Incidentally, you might be interested to know that last week's rumors were true; in those email messages to G5 customers, Apple admitted that it had back-burnered regular customer orders (known within Cupertino's halls as "peon orders") so that it could get as many G5s as possible to education purchasers "to meet key back to school deadlines." But that's no big deal, right? After all, it's pretty important for Apple to cling to whatever education orders it can scrape together these days, and really, how many schools could actually be ordering G5s anyway? Four? Five?
We don't know, but we can say this: if those four or five schools are all ordering as many G5s as Virginia Tech, no wonder the peons are going to be waiting for another few weeks. Faithful viewer Daniel Blanken sent us scurrying over to Think Secret to soak up some details about the school's new supercomputer project, which allegedly plans to tie 1100 Power Mac G5s-- dual-processor ones, natch, with either "4 GB or 8 GB" of RAM apiece-- together into one scary, scary cluster capable of squeezing out "over 10 Teraflops of performance" to become "one of the top five fastest [supercomputers] in the world."
Eleven hundred Power Macs. Just think about that for a second. Stack 'em one on top of another and you're talking about a real tower of power-- over a quarter of a mile high. Suppose Virginia Tech thought this one through? By our calculations, even if you ignore space required for airflow, 1100 Power Macs will chew up roughly 2000 cubic feet, which is a sizeable wad of real estate-- it's not something you can just wedge underneath the desk (unless it's one of the top five largest desks in the world). And boy, aren't they going to feel a little sheepish when the G5 Xserve comes out three days after they get all those Power Macs stapled together?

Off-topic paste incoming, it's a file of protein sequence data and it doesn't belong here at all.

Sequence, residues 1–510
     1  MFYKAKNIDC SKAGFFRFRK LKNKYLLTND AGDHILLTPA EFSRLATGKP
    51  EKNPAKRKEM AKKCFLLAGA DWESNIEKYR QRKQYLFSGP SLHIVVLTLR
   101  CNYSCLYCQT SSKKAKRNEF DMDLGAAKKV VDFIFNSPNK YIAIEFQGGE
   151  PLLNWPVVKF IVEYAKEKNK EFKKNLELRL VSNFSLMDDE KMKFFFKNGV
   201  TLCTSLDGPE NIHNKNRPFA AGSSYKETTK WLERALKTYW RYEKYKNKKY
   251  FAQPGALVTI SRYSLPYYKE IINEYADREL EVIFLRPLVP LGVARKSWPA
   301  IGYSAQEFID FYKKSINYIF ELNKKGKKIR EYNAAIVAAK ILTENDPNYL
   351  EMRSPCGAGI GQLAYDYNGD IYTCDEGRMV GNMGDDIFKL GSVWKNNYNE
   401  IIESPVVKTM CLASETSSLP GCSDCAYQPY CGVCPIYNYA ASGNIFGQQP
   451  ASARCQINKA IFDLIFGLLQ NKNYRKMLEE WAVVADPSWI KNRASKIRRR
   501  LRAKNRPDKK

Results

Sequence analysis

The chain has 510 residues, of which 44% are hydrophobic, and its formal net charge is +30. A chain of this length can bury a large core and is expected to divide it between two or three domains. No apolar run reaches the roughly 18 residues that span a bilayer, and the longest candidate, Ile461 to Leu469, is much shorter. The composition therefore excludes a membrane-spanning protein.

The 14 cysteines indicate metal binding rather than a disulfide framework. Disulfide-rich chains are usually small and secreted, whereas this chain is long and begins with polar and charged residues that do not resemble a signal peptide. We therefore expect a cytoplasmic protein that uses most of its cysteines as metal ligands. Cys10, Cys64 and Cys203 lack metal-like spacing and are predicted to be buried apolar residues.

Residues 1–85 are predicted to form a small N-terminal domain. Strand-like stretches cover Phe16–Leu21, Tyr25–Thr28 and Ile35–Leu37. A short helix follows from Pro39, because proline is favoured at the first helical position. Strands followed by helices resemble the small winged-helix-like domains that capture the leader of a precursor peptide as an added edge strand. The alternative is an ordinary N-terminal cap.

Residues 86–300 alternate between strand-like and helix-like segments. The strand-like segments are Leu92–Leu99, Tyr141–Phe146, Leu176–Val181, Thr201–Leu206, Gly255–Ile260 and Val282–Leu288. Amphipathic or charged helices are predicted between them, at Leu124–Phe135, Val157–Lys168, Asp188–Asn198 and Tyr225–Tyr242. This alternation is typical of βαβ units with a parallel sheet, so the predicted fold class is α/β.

Actually, it'd be silly to think they didn't consider that likelihood, but reportedly time is of the essence; the whole cluster has to be up and running ASAP in order to qualify for Linpack's list of the Top 500 Supercomputers (ahhh, so that's the "key back to school deadline"; and here we thought it was going to be something academic), so evidently Virginia Tech didn't want to wait for the rack-mountable version. Or maybe they know something we don't; we have a feeling that if you go to Apple with $3.3 million and say you want to buy 1100 dual-G5 nodes to build one of the world's five fastest supercomputers, they'd be willing to let you in on the fact that the Xserve won't go G5 until, say, next summer. Just a thought.
There's no word at Think Secret on just what sort of massively computationally complex problem Virginia Tech needs an 1100-node Power Mac supercomputer to calculate in the first place (42!), but AtAT sources at the school who managed to smuggle out copies of the original specification and proposal report that its primary task will be to "impress the living crap out of everyone." Indeed, the project has reportedly already met its first milestone, which is to have made a professor at another school gasp at the project's description, slap his forehead, and exclaim, "why, that must be one of the top five fastest supercomputers I've ever heard described!" So the project's off to a solid start.